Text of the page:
Hugs For Your Heart—Two Volunteers’ Perspective … July 27, 2012

Roger carries plays with Gustavo and Enrique while Luisito watches.

We are FOC volunteers who enjoy the mission trips. They often involve long days of hard but challenging and fruitful work. We also spend our time in the U.S. working as gatherers of materials such as school supplies and shoes that are needed on the island. All of these activities are worthwhile and rewarding but we’d like to tell you about the activity that is closest to our heart. We elected to personally “adopt” a local island family—Jose’s family.

Jose is an 18-year old boy who has several disabilities and his family includes a grandmother, two adult women, and eight other children.

The family lives in a rural area outside of San Miguel, the main city on the island. Part of their home has concrete walls and floor and part consists of wood poles cut from jungle trees. They use an outdoor kitchen where they often cook over a wood fire to avoid the expense of filling a gas tank for a stove. They recently got access to electricity, but there is no plumbing.

Our first introduction to the family was when we were asked to help provide a pump system for water to replace the task of using buckets to draw it from a well. With the new pump, the children had their own bath water for the first time!  The smiles

Diane (right) and Lili admire Antonia's new shoes.

on their faces when that first water flowed are engraved in our memories.

We now know all the family well and the hugs and piggyback rides and squeals of delight each time we visit make every penny of our plane ticket worth it. On this trip, we purchased a refrigerator for the family so food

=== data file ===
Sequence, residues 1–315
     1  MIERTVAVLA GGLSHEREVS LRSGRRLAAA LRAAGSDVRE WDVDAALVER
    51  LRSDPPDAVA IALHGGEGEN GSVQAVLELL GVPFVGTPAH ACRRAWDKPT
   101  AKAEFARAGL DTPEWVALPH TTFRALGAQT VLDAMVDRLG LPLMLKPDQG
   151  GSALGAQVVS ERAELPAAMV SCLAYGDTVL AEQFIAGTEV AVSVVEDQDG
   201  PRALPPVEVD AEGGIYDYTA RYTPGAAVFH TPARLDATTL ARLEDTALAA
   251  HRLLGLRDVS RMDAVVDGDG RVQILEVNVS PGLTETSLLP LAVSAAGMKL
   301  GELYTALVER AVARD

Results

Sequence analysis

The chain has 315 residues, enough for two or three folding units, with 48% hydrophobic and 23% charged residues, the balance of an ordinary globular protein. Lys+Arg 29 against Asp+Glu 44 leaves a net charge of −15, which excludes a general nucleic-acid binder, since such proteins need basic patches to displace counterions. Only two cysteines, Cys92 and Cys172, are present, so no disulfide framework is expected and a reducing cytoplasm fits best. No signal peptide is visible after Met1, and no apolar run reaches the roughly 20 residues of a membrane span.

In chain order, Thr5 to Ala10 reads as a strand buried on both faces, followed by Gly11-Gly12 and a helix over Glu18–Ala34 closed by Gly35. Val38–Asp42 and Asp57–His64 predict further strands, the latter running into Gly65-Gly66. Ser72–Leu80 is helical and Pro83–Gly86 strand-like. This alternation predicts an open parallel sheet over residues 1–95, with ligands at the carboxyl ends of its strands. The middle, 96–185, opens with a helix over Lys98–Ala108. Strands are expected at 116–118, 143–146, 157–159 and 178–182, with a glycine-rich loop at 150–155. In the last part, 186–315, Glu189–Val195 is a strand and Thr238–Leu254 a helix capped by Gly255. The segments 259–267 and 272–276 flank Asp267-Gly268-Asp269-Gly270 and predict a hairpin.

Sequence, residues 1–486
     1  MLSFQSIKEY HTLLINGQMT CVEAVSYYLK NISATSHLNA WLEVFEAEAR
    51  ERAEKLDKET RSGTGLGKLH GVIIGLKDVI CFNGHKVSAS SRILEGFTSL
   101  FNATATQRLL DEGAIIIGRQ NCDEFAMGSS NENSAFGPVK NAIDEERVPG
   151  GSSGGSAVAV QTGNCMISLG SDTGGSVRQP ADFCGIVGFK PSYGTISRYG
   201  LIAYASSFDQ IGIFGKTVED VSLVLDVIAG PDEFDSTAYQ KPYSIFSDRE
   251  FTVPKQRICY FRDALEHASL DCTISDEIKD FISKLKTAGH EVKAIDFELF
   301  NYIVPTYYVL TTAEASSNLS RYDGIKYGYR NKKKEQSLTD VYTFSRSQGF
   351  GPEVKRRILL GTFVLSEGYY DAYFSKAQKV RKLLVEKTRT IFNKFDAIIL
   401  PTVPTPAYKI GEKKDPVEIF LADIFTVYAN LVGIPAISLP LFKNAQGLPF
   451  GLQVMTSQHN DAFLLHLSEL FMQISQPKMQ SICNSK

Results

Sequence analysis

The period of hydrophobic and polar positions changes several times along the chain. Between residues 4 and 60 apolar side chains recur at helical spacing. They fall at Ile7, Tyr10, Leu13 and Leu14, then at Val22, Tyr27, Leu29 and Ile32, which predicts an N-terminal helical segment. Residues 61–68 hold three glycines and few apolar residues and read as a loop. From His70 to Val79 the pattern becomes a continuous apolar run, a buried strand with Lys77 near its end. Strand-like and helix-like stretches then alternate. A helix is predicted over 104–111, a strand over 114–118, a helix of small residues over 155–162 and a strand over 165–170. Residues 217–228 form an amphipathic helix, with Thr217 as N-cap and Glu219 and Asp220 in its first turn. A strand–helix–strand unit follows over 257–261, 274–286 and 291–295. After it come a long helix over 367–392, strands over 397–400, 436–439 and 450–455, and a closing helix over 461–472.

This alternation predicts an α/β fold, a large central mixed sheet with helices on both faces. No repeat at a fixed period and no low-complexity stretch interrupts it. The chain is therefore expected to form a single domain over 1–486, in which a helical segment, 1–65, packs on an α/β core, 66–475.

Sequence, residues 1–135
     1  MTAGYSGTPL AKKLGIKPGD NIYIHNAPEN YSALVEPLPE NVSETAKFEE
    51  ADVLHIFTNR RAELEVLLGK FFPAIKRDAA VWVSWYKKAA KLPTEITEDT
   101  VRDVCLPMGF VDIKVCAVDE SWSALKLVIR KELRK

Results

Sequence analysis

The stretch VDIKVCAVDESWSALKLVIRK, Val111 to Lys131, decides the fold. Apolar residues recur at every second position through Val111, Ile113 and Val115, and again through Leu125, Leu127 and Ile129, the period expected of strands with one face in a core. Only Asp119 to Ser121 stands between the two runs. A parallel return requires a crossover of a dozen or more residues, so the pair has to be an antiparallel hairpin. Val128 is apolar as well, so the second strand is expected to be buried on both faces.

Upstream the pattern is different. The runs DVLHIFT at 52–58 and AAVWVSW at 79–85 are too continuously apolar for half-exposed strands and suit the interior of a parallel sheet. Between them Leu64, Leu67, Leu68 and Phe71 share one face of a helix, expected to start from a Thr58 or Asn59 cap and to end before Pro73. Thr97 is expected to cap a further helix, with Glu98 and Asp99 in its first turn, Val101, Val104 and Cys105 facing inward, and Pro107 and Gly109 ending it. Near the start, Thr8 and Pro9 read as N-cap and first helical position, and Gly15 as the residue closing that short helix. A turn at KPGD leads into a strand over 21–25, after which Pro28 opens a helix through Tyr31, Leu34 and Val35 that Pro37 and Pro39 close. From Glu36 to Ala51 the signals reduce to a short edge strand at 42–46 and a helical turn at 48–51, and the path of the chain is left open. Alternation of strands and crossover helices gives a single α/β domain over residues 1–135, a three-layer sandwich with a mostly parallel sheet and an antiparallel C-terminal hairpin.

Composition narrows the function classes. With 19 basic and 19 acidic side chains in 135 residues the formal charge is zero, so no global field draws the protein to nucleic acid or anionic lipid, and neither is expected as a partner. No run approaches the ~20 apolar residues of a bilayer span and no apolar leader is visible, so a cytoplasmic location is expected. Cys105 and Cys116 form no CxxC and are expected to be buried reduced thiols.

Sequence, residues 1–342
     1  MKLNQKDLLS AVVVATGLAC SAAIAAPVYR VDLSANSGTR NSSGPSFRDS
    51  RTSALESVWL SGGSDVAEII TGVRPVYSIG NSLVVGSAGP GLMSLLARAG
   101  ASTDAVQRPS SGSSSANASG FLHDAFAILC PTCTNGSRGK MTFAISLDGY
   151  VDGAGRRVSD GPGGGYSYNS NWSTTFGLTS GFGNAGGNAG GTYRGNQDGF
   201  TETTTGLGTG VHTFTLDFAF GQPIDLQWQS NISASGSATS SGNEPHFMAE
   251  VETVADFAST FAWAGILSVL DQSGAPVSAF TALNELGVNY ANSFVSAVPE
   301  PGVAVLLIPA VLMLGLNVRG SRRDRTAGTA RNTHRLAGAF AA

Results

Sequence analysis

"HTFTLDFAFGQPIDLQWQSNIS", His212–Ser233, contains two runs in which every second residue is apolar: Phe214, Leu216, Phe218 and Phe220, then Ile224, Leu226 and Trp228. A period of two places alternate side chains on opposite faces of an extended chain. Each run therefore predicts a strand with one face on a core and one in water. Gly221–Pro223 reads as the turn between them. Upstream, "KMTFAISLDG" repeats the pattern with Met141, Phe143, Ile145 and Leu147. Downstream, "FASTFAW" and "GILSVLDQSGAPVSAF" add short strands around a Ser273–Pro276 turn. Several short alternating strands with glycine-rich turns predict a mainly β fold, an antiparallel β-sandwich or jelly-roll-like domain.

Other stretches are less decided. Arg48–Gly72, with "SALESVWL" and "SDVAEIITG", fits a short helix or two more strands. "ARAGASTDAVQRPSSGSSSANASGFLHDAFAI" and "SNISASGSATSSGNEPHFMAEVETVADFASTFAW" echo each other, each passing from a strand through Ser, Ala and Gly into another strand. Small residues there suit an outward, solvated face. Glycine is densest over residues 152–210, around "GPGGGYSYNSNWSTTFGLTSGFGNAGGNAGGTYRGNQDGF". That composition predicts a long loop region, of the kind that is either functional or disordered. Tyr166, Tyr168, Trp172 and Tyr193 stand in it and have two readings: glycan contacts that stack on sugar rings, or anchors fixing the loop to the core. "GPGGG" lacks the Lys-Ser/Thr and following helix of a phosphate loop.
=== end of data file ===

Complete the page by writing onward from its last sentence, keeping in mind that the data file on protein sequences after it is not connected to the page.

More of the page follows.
would not spoil in a few hours of heat. The possibility of having a refrigerator was only realized because another contributor paid for the electrical hookup. The family must now learn to ration their meager pesos to pay the electric bill. They are learning and are a step closer to becoming self-sufficient!

This does not mean you must spend big bucks to help out. The small things also bring great joy and benefits. A photo album that we made of the children prompted tears from Antonia, the grandmother. The hand-knitted baby blanket and the baby doll hugged so lovingly brought tears to our own eyes just like grandma’s. A box of Band-Aids or a cantaloupe – to us such simple things—are joys to these people.

We always leave with much more than we bring. Thus, the title of this blog. We keep returning for hugs for our hearts. They sustain us between visits and help make our lives worthwhile. If you think your heart could stand some hugs, there are many more families on the island who would love to be “adopted.” We promise it is the best investment you will ever make. The percentage of return can’t be beat in any market.—Roger and Diane from Nebraska

Jose loves the ball Diane and Roger brought to him.

 

A photo album of the children made by Diane and Roger is a precious gift since photos of the family are rare.

1 thought on “Hugs For Your Heart—Two Volunteers’ Perspective … July 27, 2012

  1. Aimee Lynch

    I am so happy to see Diane and Roger back on the island! Your post here touched me and I am reminded of the profound gift we give ourselves when we help someone else. Have fun, and hug all those adorable kids for me!
    Aimee

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